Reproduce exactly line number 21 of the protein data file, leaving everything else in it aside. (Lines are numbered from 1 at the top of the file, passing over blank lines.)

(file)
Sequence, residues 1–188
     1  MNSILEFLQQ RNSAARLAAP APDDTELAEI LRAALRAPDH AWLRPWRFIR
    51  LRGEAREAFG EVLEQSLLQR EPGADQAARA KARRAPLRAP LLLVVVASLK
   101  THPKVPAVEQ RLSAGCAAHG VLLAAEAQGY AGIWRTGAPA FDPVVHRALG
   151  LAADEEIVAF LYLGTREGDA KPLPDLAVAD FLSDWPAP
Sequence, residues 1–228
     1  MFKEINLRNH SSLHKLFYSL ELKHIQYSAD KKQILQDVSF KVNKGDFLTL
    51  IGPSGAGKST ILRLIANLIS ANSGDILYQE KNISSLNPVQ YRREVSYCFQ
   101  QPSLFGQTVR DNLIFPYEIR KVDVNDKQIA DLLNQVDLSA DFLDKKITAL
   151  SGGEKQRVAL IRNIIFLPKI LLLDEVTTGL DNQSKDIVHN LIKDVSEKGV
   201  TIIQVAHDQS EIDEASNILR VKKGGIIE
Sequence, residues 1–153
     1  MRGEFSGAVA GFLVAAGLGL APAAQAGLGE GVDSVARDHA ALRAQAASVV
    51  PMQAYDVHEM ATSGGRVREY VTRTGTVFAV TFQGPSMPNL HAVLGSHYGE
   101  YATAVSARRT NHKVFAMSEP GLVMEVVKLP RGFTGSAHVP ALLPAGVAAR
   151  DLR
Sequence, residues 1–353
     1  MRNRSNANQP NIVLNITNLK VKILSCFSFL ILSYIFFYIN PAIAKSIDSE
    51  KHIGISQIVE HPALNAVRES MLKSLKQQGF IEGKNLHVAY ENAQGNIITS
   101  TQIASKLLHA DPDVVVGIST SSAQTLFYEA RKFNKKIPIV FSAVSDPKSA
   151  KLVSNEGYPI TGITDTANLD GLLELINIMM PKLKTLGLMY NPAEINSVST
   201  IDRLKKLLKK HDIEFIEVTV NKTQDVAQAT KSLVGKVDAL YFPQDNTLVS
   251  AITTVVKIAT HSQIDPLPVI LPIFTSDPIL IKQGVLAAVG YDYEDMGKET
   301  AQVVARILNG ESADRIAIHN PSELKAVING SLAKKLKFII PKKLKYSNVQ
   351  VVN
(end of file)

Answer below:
   151  KLVSNEGYPI TGITDTANLD GLLELINIMM PKLKTLGLMY NPAEINSVST